Nadodi: Flavourful Disruptors Of South Indian Cuisine
Find out how the chefs at Nadodi in Kuala Lumpur are re-inventing South Indian food in a new modern light.
24 March 2018
They may have spent a substantial part of their careers cooking Western and European food, but chefs Johnson Ebenezer and Sricharan Venkatesh, who both grew up in Chennai, have long felt a disconnect with their heritage. The two chefs are tracing back their roots in their latest stint at Nadodi, a contemporary Indian fine-dining restaurant that has been gathering buzz among gourmands in Kuala Lumpur since it opened in March last year.
Located at a stone’s throw from the iconic Petronas Twin Towers in the Kuala Lumpur City Centre, Nadodi, means nomad or wanderer in Tamil and Malayalam, which are widely spoken across the Southern part of the Indian subcontinent that includes regions such as Tamil Nadu, Kerala and Sri Lanka.
Popular South Indian dishes such as fish head curry, rasam (spiced tamarind soup), sodhi (pandan coconut curry), ishtu (Kerala potato stew), get contemporary makeovers. Some dishes feature modern European cooking techniques, transforming traditionally hearty stews, curries and soups into cutting-edge custard-like cubes, chic cups of fishhead curry espuma and spiced tomato broth that are served bubbling in a siphon coffee brewer.
The 70-seat restaurant, which only opens for dinner, offers two set menus, 13 or 15-mile journey (or courses) that is a tantalising tapestry of food memories that push the envelope of South Indian cuisine. A meal starts from RM450++ (S$151++). The food can also be paired with inventive cocktails – tamarind-infused vodka in panipuri or citrus-kissed white rum in a bottle – concocted by award-winning mixologist, Akshar Chalwadi.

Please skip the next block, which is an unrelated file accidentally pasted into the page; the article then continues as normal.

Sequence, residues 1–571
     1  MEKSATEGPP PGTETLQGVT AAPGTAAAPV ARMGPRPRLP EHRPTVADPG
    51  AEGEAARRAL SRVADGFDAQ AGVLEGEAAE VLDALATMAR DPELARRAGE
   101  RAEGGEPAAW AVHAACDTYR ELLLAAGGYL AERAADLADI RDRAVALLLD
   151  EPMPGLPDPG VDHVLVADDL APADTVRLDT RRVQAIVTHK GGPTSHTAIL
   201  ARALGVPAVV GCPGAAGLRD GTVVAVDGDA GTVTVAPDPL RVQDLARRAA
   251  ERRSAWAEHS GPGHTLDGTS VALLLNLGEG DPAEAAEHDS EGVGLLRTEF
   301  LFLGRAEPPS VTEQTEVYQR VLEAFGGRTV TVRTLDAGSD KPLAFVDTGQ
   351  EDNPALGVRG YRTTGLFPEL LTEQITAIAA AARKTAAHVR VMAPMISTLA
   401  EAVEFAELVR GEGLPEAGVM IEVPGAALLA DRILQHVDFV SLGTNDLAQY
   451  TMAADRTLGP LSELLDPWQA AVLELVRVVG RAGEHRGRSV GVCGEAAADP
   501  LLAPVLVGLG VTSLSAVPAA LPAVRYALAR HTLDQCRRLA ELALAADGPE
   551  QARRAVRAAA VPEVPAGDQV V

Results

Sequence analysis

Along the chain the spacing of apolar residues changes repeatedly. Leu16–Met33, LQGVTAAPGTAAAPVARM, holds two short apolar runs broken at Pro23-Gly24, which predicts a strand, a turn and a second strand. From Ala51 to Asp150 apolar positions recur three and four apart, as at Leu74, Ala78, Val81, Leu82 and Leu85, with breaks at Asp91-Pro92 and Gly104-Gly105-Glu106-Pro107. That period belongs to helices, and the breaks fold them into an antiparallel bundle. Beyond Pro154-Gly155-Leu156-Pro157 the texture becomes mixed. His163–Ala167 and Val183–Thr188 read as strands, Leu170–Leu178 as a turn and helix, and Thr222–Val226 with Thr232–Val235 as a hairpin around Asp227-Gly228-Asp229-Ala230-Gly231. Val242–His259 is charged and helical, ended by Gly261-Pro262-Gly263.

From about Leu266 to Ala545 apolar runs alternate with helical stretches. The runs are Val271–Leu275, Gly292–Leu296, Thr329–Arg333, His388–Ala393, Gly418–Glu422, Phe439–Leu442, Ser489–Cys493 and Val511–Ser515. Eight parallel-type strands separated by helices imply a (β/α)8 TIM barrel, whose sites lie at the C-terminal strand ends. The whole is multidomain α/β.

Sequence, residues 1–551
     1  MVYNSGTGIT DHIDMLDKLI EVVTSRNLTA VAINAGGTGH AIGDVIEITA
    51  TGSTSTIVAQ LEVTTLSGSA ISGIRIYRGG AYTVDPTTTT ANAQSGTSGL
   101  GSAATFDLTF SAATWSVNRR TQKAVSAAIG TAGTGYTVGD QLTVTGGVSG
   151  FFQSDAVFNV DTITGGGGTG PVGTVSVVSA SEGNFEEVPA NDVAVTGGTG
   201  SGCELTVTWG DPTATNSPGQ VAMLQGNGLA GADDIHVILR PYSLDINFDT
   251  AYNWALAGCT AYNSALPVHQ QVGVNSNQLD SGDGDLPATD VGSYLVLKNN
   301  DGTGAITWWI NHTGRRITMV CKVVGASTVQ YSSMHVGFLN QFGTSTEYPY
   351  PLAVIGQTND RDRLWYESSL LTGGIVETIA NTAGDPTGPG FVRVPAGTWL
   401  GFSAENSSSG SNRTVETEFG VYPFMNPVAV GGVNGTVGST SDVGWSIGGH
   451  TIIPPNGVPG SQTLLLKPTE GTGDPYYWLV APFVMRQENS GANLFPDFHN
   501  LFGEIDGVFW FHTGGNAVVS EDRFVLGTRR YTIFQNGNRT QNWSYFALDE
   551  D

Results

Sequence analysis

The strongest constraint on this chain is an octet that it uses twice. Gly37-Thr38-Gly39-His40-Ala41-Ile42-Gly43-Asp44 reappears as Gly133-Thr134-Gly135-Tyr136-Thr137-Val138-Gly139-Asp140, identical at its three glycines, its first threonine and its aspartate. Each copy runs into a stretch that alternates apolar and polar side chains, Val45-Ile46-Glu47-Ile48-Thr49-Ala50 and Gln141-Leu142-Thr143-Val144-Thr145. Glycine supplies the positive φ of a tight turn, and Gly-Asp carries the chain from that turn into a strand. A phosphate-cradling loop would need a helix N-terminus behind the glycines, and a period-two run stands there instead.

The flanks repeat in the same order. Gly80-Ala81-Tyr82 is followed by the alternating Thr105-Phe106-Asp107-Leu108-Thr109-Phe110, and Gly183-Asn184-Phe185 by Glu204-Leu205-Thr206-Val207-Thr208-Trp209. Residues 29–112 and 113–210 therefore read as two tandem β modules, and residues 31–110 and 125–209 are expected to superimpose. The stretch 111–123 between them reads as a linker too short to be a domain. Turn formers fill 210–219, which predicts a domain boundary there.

Starting Nadodi is a home-coming of sorts for the duo, who are cooking South Indian food for the first time as chefs. Executive chef Ebenezer says: “We have grown up with South Indian food and understand the flavours. We combine culinary techniques that we have picked up from our careers with our food memories. It is not just about doing a brown sauce recipe”.
Echoing this sentiment, Venkatesh, who is chef de cuisine, likens himself to “modern nomads”. Like generations of Indians who have crossed oceans to Malaysia to seek their fortunes, the chefs also hope to make their mark since arriving in Kuala Lumpur a year and a half ago. They were surprised to find out that South Indian food is widely available in the city from the staggering amount of banana leaf restaurants (“More than what we have in Chennai,” enthuses Ebenezer) and that dosa and paratha in Chennai are known as dosai and roti canai, albeit with slight variations, in Kuala Lumpur.
Initial plans to start a French-Indian restaurant, inspired by the food in the former French colony, Pondicherry, morphed into a South Indian concept that is closer to their hearts. Ebenezer adds: “Malaysia and Singapore have lots of South Indian influences, which remind us of a home away from home. People here understand these flavours better than in other parts of the world.”
Nadodi in Kuala Lumpur
The chefs delve deep into their home-spun food memories to craft the menu at Nadodi. Ebenezer has vivid memories of slurping on rasam as a warm, soothing treat during the monsoon season. At Nadodi, the humble rasam, which is one of the signature dishes, has been elevated into a consommé made with heirloom, vine and momotaro tomatoes and spices, and simmered for four hours. It is later dramatically infused with aromatics and crab shell in a siphon brewer that is usually reserved for brewing coffee, and served with shreds of sweet Alaskan crabmeat.